Welcome to the EUROCALL 2007 Virtual Strand Blog Site

Thursday, 6 September 2007

The first keynote

Bernd Rueschoff is curently talking about Web 2.0 and language learning, teaching and research.

He's raising very interesting questions about whether Web 2.0 is really new, focussing on the Mitmach (participatory) Web.

I'm sure others will blog the content of the presntation much more coherently than I can, so I'm going to reflect here on the fact that it's fascinating to find how difficult it is to blog a presentation rather that to take notes on it. Not the same thing at all! Live blogging is much more difficult than uploading after the event - no time to edit, for instance. Does this mean that blogs should be relegated to being reflective tools? I'd be interested to hear your views on that.

Now, I'm going to turn my full attention to this extremely interesting and engaging presentation. If you haven't been watching live, I'd urge you to access the streamed version when it's available - you're going to enjoy it and find it really motivating!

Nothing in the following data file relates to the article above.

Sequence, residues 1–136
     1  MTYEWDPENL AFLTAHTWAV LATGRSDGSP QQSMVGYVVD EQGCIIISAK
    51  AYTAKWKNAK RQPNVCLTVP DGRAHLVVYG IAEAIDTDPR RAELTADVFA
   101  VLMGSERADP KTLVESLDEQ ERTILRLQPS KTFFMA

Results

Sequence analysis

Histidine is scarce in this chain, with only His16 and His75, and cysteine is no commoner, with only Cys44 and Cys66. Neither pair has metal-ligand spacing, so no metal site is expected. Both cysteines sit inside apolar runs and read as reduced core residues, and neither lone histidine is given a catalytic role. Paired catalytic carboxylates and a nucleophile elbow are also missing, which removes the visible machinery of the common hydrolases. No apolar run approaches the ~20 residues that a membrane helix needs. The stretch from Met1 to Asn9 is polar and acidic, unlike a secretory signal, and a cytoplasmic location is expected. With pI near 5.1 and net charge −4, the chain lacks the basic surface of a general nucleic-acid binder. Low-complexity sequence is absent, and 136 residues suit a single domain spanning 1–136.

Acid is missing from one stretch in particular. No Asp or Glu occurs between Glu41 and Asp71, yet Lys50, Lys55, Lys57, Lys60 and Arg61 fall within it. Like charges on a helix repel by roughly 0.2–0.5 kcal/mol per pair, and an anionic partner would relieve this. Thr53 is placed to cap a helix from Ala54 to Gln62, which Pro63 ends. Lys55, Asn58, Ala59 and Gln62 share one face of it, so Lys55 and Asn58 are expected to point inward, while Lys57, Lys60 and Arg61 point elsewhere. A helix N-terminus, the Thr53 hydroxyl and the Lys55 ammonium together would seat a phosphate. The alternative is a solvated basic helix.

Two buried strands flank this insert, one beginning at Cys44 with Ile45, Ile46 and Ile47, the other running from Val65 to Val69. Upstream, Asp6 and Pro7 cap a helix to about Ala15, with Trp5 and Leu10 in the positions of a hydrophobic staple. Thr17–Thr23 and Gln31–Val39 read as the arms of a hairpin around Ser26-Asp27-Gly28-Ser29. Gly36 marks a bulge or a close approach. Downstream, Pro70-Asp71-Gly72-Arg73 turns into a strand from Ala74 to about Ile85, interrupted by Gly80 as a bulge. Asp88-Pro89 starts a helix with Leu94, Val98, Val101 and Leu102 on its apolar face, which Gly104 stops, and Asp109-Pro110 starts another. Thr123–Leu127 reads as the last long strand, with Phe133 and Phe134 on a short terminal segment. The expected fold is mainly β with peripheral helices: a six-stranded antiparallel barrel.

2 comments:

Graham Davies said...

It was indeed an enlightening presentation - which I had the honour to chair - bringing out a number of aspects of Web 2.0 that I hadn't thought about. Bernd introduced the term "languaging" as a new concept - not his own concept, as he admitted, and one which he thought initially was a bit strange. Look at the streamed presentation and find out what it's all about.

Apparently, Web 3.0 is on the horizon and has already featured in a German business magazine. Wow! I've only just clarified for myself what Web 2.0 is all about...

Elena Benito said...

Indeed. It was an insightful presentation, at least quite thought-provoking for me. I came up with some questions though, such as whether 'participatory knowledge construction' is really a new concept or not and whether we are actually facing what I call a 'digital divide 2.0', because experiences with learners vary so much among teachers, being most of our learners basically passive and unaware of the web 2.0 bubble...